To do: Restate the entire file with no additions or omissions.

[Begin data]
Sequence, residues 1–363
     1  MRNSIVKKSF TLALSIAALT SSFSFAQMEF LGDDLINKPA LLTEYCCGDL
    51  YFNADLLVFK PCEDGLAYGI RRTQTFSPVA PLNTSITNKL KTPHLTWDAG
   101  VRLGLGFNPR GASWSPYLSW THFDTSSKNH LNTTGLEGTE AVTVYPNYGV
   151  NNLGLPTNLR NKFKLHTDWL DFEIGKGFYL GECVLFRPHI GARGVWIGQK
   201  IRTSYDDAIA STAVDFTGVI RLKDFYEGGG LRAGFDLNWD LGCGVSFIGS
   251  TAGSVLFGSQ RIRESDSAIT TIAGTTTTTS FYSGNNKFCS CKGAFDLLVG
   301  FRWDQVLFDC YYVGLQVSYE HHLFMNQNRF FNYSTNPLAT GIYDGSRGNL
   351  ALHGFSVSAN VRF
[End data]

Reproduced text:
Sequence, residues 1–363
     1  MRNSIVKKSF TLALSIAALT SSFSFAQMEF LGDDLINKPA LLTEYCCGDL
    51  YFNADLLVFK PCEDGLAYGI RRTQTFSPVA PLNTSITNKL KTPHLTWDAG
   101  VRLGLGFNPR GASWSPYLSW THFDTSSKNH LNTTGLEGTE AVTVYPNYGV
   151  NNLGLPTNLR NKFKLHTDWL DFEIGKGFYL GECVLFRPHI GARGVWIGQK
   201  IRTSYDDAIA STAVDFTGVI RLKDFYEGGG LRAGFDLNWD LGCGVSFIGS
   251  TAGSVLFGSQ RIRESDSAIT TIAGTTTTTS FYSGNNKFCS CKGAFDLLVG
   301  FRWDQVLFDC YYVGLQVSYE HHLFMNQNRF FNYSTNPLAT GIYDGSRGNL
   351  ALHGFSVSAN VRF